A sleeping baby is an angel. And the silence, heaven. Knowing how to put babies to sleep, however, is a bit of a challenge. For some, it’s a whole lot of challenges. Most of the time, it leaves us sleepless.
But you don’t have to stay up all night just sending your little ones to dreamland.
In this post, I share some of the techniques I personally tried with my baby. I am not sure they are scientifically proven or studied by anyone, but they worked for me, so I am letting you know about it.
3 ways to put babies to sleep
Swaddle your baby
Using a baby blanket, snugly wrap your little one entire body except for the head. Be careful not to make it too tight that you’ll damage her delicate cartilage.
To do it properly, follow these steps:
- First, look for a flat surface where you can place the blanket. Then place the blanket on the surface. It should be laid like a diamond, then the top corner about 6 inches.
- Place your baby on his back on the blanket. The folded corner should be levelled at his shoulder.
- Fold the bottom part of the blanket to your baby’s stomach or chest. Make sure her hips and legs can still move easily.
- Bring your baby’s arms down. Pull the left side of the blanket, wrap it over her left arm and chest, under the right arm, and tuck it under the back. Please do the same thing for the right side of the blanket, except that you don’t have to tuck it under her left arm.
I bought my original Swaddling blanket from Mothercare, which was perfect and easy to use. You can grab Mothercare discount offers if you want to check them out.
Why this works
Babies, mine, in particular, get startled easily, be it a barking dog, chattering people, and even closing or opening the rickety door.
When she’s startled, she would suddenly raise her arms and legs. This action would then wake her up, and she’d end up crying.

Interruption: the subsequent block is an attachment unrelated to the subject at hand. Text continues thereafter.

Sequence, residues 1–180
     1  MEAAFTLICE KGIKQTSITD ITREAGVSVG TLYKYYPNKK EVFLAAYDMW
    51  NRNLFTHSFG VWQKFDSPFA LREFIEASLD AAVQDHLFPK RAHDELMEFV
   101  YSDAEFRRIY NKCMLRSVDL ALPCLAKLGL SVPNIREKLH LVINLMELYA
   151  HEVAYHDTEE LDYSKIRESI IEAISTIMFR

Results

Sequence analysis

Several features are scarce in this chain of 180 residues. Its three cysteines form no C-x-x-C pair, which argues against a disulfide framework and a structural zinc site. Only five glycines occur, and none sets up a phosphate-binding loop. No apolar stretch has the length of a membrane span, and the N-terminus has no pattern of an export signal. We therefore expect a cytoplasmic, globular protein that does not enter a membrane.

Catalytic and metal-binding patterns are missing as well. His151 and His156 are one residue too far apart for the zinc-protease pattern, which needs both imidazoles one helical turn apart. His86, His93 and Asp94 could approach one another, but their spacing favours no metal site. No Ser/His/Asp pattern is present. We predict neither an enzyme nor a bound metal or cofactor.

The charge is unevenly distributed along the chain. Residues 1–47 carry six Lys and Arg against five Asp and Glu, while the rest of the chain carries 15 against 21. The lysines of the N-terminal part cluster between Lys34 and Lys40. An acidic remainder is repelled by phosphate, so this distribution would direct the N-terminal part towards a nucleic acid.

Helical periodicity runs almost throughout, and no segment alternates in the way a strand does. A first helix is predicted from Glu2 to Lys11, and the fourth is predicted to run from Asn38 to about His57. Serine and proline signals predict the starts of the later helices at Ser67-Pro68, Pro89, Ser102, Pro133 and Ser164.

When my baby is swaddled, her startle reflex is restricted. Therefore, she can’t make big movements with her arms and legs. So sleep continues.
Also, being swaddled makes your little one feel warm and secure, just like when she was in the womb. This feeling makes her sleep more soundly.
Note though that your room temperature should be optimal so your baby won’t be sweating too much.
Use a hammock for babies
I was fortunate enough to be given a hammock during my baby shower. I thought I would never use it because I was scared my baby would fall. Boy, was I wrong? It’s one of the best shower gifts I ever received.
To use it, do the following:
- First, make sure it’s comfortable enough for your baby to sleep in. Put sheets, blankets, and pillows where necessary.
- Next, make sure the hammock is attached to a sturdy holder. Push the hammock down gently with your hands to make sure it can carry your baby’s weight.
- Place baby in the middle to make sure she won’t fall off of it.
Why this works
Our babies love to be swayed and cradled to fall asleep. And when they wake up, they want us to do the same thing so they’d get back to their dreamland.
Although we can do this manually with our own arms, we all know we won’t last all night. The hammock then rescues us from the body strain of swaying back and forth.
The good thing about it is we can sway our babies even when we’re half asleep.
Play lullabies before and during sleep
My father-in-law gave my daughter a CD of lullabies. At first I thought it would not work knowing how sensitive my baby is to sound. But then I find out my method was just wrong.
The technique I found working was to play the songs while putting her to sleep and let them play all throughout her sleeping time.
Why this works
While my daughter is sensitive to sounds, playing music in the background while sleeping masked the random sounds or noise she would hear.
Her ears became accustomed to hearing something that when the noise would pop up out of nowhere, she wouldn’t notice it. Of course, it’s different when the noise is deafening that even adults would be stunned.
Summing it all up
Knowing how to put our babies to sleep, may indeed require experimenting from us like it was rocket science.
The methods I listed above were the results of my own experiments in the bedroom lab. If you haven’t tried them before, it’s about time to see if they’d also work for your little one or not. For extra fussy babies, try doing all these methods at the same time.
However, these methods are only for infants 0-3 months old, those who do not know how to change sleeping position by themselves.